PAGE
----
Mangiferin Stimulates Carbohydrate Oxidation and Protects Against Metabolic Disorders Induced by High-Fat Diets

  1. Yuling Chi1
  1. 1Department of Medicine, Albert Einstein College of Medicine, Bronx, NY
  2. 2Department of Paediatrics, Albert Einstein College of Medicine, Bronx, NY
  3. 3Department of Pharmacology, Weill Cornell Medical College, New York, NY
  4. 4Department of Physiology & Biophysics and Gruss Magnetic Resonance Research Center, Albert Einstein College of Medicine, Bronx, NY
  5. 5Department of Molecular Pharmacology, Albert Einstein College of Medicine, Bronx, NY
  1. Corresponding author: Yuling Chi, yuling.chi{at}


Excessive dietary fat intake causes systemic metabolic toxicity, manifested in weight gain, hyperglycemia, and insulin resistance. In addition, carbohydrate utilization as a fuel is substantially inhibited. Correction or reversal of these effects during high-fat diet (HFD) intake is of exceptional interest in light of widespread occurrence of diet-associated metabolic disorders in global human populations. Here we report that mangiferin (MGF), a natural compound (the predominant constituent of Mangifera indica extract from the plant that produces mango), protected against HFD-induced weight gain, increased aerobic mitochondrial capacity and thermogenesis, and improved glucose and insulin profiles. To obtain mechanistic insight into the basis for these effects, we determined that mice exposed to an HFD combined with MGF exhibited a substantial shift in respiratory quotient from fatty acid toward carbohydrate utilization. MGF treatment significantly increased glucose oxidation in muscle of HFD-fed mice without changing fatty acid oxidation. These results indicate that MGF redirects fuel utilization toward carbohydrates. In cultured C2C12 myotubes, MGF increased glucose and pyruvate oxidation and ATP production without affecting fatty acid oxidation, confirming in vivo and ex vivo effects. Furthermore, MGF inhibited anaerobic metabolism of pyruvate to lactate but enhanced pyruvate oxidation. A key target of MGF appears to be pyruvate dehydrogenase, determined to be activated by MGF in a variety of assays. These findings underscore the therapeutic potential of activation of carbohydrate utilization in correction of metabolic syndrome and highlight the potential of MGF to serve as a model compound that can elicit fuel-switching effects.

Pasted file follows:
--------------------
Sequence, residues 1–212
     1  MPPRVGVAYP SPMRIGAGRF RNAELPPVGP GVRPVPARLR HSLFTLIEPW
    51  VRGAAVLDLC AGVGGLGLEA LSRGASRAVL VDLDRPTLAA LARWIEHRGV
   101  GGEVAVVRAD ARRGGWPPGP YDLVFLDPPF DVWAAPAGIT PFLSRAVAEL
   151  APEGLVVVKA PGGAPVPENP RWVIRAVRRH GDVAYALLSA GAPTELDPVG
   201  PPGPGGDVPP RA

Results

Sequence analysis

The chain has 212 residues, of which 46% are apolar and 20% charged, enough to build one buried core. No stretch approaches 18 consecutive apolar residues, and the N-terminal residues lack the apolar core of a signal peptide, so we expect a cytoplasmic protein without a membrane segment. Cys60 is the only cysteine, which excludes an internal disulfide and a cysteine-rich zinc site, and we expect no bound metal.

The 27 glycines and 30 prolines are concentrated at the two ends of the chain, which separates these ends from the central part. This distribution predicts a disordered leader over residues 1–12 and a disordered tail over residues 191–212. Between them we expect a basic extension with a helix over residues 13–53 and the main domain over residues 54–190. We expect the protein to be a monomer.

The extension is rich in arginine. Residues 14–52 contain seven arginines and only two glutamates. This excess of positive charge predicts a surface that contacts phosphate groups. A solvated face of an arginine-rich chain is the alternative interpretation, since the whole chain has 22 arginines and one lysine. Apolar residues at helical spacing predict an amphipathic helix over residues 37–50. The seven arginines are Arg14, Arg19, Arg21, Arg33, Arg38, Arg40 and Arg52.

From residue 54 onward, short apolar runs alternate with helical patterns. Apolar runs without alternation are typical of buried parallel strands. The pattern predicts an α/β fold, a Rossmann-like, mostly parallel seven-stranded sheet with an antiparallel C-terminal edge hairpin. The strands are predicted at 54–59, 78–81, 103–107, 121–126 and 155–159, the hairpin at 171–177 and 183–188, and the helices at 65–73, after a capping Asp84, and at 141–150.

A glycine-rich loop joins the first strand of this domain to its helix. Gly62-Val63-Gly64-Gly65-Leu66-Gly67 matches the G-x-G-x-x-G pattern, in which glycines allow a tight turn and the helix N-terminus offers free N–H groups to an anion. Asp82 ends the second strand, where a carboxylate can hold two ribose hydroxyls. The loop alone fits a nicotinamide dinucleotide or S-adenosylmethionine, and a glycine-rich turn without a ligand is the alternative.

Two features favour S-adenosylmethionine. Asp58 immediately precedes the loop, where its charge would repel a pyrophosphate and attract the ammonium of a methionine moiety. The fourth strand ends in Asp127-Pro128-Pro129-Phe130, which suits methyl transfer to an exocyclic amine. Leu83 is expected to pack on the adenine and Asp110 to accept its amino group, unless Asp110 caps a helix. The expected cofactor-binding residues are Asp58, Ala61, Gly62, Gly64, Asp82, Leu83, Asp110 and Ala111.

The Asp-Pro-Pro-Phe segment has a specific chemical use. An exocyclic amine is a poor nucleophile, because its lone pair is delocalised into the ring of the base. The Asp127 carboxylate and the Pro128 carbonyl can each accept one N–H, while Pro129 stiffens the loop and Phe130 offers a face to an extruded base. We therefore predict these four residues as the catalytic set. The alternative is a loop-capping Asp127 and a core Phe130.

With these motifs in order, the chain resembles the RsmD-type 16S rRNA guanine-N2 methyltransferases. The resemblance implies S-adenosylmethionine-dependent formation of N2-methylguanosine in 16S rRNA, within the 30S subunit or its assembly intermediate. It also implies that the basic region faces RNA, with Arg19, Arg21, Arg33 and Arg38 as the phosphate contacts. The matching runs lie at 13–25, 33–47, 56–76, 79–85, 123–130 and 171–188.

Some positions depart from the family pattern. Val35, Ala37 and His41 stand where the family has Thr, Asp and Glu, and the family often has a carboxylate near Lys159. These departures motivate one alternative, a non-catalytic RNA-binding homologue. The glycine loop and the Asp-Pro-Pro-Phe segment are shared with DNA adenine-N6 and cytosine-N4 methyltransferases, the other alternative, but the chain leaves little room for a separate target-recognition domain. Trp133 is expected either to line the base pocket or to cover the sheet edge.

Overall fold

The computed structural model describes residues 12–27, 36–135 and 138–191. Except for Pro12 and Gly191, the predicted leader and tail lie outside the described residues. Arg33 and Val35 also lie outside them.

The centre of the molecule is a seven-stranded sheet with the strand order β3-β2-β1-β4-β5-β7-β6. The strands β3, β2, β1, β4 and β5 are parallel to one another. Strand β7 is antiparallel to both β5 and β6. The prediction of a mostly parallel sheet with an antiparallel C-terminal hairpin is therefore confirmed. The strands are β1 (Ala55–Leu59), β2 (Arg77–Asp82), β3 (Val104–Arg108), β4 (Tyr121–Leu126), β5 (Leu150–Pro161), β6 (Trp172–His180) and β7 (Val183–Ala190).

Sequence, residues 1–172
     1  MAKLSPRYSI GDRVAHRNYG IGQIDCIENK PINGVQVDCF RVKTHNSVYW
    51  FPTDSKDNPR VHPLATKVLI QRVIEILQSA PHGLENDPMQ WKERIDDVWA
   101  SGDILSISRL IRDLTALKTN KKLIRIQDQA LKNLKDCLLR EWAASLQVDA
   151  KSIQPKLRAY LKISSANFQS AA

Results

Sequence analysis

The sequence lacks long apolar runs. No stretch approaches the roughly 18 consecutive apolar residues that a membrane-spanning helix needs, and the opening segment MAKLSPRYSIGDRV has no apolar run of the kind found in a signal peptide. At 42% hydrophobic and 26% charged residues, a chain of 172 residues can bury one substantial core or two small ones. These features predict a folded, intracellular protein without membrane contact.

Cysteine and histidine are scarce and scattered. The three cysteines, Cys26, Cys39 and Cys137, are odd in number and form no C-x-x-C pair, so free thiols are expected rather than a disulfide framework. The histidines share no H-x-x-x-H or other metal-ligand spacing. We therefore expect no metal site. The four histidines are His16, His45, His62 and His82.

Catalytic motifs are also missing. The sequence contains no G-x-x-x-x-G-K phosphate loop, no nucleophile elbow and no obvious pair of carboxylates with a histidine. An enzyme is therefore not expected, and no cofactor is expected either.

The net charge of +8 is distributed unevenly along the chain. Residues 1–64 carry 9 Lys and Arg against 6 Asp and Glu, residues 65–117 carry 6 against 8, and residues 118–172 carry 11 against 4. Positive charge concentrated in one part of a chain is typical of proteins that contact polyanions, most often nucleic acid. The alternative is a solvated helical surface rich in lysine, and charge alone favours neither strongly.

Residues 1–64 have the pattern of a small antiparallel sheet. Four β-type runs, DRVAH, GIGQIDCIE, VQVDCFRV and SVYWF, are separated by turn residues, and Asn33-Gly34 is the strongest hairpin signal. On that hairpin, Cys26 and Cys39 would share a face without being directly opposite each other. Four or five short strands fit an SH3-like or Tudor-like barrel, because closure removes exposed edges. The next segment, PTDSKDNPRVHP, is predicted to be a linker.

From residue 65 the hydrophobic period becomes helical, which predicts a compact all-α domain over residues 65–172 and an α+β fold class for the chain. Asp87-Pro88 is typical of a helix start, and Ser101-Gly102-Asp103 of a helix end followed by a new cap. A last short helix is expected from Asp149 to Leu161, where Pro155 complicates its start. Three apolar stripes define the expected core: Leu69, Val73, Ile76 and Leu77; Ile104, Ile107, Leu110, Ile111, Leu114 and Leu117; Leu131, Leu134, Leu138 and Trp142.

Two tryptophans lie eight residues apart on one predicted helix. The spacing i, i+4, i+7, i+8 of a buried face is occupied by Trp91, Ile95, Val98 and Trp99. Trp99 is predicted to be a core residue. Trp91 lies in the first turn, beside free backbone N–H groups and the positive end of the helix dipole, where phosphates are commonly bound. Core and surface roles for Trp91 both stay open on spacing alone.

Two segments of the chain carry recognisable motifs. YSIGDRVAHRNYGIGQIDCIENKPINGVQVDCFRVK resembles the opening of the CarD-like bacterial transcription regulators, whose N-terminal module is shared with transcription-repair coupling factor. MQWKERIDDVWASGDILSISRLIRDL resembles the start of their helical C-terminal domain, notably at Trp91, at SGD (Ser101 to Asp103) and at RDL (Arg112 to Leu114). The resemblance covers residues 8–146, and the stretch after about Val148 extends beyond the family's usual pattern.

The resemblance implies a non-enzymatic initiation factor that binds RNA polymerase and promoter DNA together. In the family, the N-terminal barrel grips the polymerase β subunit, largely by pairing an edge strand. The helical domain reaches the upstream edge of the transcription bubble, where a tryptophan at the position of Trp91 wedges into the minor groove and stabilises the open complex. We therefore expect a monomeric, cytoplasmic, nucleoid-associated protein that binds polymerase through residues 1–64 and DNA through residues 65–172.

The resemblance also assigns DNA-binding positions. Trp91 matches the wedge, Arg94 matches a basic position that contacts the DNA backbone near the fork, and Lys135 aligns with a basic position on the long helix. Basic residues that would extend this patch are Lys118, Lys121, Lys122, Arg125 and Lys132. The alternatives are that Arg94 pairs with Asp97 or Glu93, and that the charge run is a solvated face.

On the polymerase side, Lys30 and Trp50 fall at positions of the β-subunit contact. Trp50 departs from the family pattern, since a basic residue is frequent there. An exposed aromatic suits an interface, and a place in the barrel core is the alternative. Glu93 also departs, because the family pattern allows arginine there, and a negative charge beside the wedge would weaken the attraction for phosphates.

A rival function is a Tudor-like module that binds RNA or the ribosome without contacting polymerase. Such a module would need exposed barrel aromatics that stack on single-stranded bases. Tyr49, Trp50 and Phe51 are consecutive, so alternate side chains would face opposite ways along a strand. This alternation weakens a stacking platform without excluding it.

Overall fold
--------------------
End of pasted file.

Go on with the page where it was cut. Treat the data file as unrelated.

• Received January 3, 2014.
  • Accepted May 16, 2014.

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